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CD Projekt RED has published a community Q&A with The Witcher 3: Wild Hunt level designer Miles Tost on the company's official forums, the first of what could potentially be many. In the Q&A, Tost talks a bit about the start of his career, his interest in game design, and his current daily duties. Here's an excerpt:
Could you briefly walk us through a typical day in the office as a level designer?
Uh, typical. Well - typical day nowadays is very different than half a year or even a year ago. It really depends on what state of development we are in. And even then, all sorts of things happen. Just the other day I spent a couple of days helping out Lighting Novigrad City and some villages. Apparently we have this dynamic time of day thing and people would like to see things at night. Go figure. Nowadays it's a lot of bugfixing and even those are getting less and more and more minor. Early on there was a lot of making maps/sketches, preparing design documents for regions in our world. Then we went on and started implementing the first pass of POIs on the level. Then iterations follow. Playtests result in things working well / not so well. Changes need to be made accordingly, you do multiple decoration passes on each location until eventually it reaches final quality. Standards evolve as you "unlock" more and more new awesome tech, better looking assets get made, so you can end up doing multiple final quality passes Then there's things like...maybe a location looks really good but doesn't play quite well for various reasons. Or it looks good but could be more/less interactive, etc etc. All sorts of "passes" really.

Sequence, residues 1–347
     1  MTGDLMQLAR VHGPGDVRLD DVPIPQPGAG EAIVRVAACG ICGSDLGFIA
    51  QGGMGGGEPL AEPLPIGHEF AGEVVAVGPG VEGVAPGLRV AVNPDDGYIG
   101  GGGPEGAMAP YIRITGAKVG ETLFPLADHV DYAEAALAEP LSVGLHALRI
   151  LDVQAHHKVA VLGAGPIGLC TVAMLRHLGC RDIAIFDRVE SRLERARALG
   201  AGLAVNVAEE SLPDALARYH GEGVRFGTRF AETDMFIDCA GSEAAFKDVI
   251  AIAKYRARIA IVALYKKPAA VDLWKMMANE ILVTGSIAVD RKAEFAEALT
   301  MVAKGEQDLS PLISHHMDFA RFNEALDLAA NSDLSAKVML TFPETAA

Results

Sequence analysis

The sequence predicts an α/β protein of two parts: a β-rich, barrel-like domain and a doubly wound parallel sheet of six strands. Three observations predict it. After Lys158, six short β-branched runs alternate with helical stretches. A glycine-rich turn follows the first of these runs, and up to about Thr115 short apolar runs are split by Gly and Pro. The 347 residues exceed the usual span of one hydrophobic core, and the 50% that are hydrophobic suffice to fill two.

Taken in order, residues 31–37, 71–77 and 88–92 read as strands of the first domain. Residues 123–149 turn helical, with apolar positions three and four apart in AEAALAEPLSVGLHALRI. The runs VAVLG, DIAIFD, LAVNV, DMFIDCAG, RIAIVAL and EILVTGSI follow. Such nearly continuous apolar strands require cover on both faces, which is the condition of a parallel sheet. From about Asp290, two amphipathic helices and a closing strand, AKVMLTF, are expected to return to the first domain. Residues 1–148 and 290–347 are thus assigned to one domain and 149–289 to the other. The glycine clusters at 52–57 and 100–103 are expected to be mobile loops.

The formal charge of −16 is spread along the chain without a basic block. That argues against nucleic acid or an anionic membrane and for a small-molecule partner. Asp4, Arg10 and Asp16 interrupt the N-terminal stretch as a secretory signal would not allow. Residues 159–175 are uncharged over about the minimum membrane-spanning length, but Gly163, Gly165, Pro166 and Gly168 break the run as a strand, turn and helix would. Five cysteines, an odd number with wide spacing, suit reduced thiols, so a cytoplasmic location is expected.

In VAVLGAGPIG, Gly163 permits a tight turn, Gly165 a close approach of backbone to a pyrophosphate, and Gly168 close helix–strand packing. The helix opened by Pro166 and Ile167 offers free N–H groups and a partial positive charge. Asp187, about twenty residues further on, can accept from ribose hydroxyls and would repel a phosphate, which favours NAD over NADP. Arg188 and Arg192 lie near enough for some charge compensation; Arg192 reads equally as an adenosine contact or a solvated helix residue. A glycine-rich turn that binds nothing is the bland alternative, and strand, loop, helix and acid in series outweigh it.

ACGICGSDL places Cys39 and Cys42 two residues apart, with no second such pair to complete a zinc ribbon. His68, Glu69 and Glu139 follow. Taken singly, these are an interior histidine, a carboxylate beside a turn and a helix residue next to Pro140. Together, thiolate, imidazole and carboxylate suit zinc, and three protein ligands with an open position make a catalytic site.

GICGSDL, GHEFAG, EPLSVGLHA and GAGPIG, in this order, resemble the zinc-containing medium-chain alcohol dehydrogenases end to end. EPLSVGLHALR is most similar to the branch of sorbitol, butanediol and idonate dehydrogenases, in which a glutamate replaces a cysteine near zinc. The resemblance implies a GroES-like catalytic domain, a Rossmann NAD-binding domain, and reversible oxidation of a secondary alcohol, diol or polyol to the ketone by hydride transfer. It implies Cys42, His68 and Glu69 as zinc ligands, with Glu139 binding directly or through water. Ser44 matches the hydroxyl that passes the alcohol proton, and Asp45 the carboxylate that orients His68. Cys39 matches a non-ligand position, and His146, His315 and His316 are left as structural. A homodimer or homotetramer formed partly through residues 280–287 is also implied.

Can you name some of the tools you use daily as a level designer?
I use Photoshop pretty frequently. A notepad and a pen and of course - our very own Engine RedEngine3. Also, I use the coffee machine multiple times a day. Spotify is also a big one. It's funny, when working on some locations, certain tracks would be playing on my playlist - and now when I look at these locations, I hear the song(s). Interesting phenomenon as you sort of associate moods, images, songs and even smells with places you made. Had a chat with Peter Gelencser (Senior Level Designer) about it, and apparently I'm not alone with this!
What are some of the tricks you use in order to make sure a player sees and appreciates a certain aspect of the game that you worked on, such as a point of interest?
Okay, I could go on and on about this and how much this fascinates me. Maybe the one that might be surprising to people not familiar with game development is that, at least here at CDPR, we use a lot of traditional image composition techniques, much like painters would use them. For example, you climb up a slope, you are greeted with a nice view. The view would be carefully crafted for this one (sometimes multiple) perspectives. We'd play with shapes and composition to help guide the eye of the player to objects/places we want the player to see and explore or likewise, try to hide certain things that way. Light also plays a big role here, as a bright spot in the distance can easily grab the players attention. It works quite subliminal and if you play your cards right, you guys feel like you all figured this super complex dungeon out on your own, when really... we had you by the strings all along! That is... until you turn around 180° and walk the other way...or is it?